Xi Jinping Promises that Taiwan "Must Be, Will Be Reunified"
On Wednesday, Chinese President Xi Jinping doubled down on previous rhetoric by insisting that "China must be, will be reunified" with Taiwan, preferably by peaceful means. Beijing has long sought to regain control over Taiwan, which it regards as an intrinsic part of "one China," and the prospect of a cross-strait conflict over the island's governance is a perennial consideration for American military planners.
"We sincerely hope all the compatriots in Taiwan treasure peace as much as they treasure their own eyes, and pursue national reunification as much as they pursue happiness," Xi said. "'Taiwan independence' goes against the trend of history and will lead to a dead end . . . cross-strait reunification is something that no one can stop."
While promoting the concept of a peaceable reunion, with a "one country, two systems" approach to governance, Xi did not rule out military action. "We make no promise to renounce the use of force and reserve the option of taking all necessary measures, targeting external interference and a very small number of 'Taiwan independence' separatists and their separatist activities," Xi warned. In particular, while he promised that "Chinese don't fight Chinese," he suggested that "external forces" could face consequences if they attempted to interfere with reunification.
A formal Taiwanese declaration of independence would be a red line for China. Taiwanese president Tsai Ing-wen currently faces intense pressure from within her party to step aside and allow hardline pro-independence leaders to take over government; on Thursday, she rejected Xi's call for a "one country, two systems" solution.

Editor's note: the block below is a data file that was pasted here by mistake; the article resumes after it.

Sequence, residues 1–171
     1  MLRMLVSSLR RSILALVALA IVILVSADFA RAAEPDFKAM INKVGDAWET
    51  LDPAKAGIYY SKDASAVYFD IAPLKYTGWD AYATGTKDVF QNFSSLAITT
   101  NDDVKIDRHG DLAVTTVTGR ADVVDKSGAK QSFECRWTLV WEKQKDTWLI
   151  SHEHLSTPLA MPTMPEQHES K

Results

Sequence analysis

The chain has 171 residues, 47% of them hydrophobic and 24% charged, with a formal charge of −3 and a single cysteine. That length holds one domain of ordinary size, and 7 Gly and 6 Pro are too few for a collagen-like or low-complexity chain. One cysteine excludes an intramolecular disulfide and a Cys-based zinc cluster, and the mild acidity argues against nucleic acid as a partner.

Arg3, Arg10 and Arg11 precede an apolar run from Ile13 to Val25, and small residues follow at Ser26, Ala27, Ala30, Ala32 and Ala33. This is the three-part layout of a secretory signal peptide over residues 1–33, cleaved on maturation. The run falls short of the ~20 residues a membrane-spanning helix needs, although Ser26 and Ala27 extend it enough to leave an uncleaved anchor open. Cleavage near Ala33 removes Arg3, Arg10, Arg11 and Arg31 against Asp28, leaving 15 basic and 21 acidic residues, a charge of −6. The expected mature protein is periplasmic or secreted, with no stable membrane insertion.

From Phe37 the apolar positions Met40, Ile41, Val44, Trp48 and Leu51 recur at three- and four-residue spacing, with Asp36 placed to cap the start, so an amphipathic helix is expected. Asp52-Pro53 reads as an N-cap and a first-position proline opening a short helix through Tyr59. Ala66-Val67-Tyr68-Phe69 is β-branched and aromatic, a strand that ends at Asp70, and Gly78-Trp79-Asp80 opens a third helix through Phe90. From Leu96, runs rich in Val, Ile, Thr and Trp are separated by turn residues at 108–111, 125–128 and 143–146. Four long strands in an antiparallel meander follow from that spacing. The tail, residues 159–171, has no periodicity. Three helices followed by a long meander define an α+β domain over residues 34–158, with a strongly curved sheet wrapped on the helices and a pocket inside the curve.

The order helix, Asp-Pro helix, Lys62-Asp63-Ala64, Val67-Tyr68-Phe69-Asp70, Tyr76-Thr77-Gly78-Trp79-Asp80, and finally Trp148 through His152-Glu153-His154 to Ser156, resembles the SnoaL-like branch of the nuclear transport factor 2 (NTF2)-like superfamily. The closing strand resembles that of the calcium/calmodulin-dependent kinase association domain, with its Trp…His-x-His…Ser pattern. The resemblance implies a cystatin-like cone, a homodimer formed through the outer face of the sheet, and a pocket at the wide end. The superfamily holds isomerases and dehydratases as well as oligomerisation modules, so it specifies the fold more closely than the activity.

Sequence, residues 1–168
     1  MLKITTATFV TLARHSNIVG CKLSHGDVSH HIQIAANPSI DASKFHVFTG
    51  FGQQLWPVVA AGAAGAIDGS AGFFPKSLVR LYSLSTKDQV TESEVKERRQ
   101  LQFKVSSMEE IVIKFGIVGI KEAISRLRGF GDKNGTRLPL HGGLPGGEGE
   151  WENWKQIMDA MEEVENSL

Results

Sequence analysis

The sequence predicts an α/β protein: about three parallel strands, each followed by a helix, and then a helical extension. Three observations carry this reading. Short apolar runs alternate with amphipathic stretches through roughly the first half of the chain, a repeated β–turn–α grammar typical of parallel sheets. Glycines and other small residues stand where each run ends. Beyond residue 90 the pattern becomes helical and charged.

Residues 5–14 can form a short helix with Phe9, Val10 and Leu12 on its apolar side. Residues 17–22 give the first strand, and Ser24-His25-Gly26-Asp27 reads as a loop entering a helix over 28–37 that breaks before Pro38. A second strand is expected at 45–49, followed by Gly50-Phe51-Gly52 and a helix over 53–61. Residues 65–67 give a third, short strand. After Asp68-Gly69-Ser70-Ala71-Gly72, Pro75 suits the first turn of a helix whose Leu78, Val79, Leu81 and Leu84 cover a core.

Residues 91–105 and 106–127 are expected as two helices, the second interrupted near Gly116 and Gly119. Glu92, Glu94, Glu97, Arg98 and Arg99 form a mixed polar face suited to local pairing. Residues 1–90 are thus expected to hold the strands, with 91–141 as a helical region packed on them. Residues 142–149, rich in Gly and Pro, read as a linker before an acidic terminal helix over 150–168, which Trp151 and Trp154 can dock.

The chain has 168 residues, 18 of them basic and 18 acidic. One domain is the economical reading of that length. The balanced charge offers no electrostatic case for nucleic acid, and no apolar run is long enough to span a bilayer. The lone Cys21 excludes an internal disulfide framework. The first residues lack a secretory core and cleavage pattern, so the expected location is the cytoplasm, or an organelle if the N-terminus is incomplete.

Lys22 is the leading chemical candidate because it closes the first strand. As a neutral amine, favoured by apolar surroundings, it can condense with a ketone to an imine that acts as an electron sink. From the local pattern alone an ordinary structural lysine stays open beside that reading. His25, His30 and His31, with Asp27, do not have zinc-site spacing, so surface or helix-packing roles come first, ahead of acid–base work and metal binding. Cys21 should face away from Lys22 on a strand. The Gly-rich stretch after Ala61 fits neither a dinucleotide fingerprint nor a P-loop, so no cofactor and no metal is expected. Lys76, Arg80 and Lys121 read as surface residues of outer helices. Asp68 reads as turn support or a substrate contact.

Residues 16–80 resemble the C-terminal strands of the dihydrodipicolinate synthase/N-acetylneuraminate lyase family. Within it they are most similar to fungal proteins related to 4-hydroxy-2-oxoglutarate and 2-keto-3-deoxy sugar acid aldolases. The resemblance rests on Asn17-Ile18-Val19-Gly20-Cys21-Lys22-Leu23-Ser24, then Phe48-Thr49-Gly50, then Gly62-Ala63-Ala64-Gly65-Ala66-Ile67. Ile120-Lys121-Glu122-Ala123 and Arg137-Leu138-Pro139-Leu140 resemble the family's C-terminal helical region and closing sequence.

Xi's speech did not refer to "external forces" by name, but the United States and Japan are the only third-party nations with militarily significant relationships with Taiwan. Though the U.S. does not officially acknowledge Taiwan's statehood or guarantee its security, the Taiwan Relations Act of 1979 specifies that America will "consider any effort to determine the future of Taiwan by other than peaceful means . . . a threat to the peace and security of the Western Pacific area and of grave concern to the United States."
The U.S. Navy regularly transits the Strait of Formosa in what it describes as routine vessel operations in accordance with international law; Beijing considers these movements to be acts of provocation, as it does with U.S. Navy freedom-of-navigation patrols in the South China Sea.
The United States is also a key supplier for Taiwan's armed forces - including its navy, which operates four former U.S. Navy destroyers and several former U.S. Navy frigates, in addition to indigenously-built warships based on licensed American designs.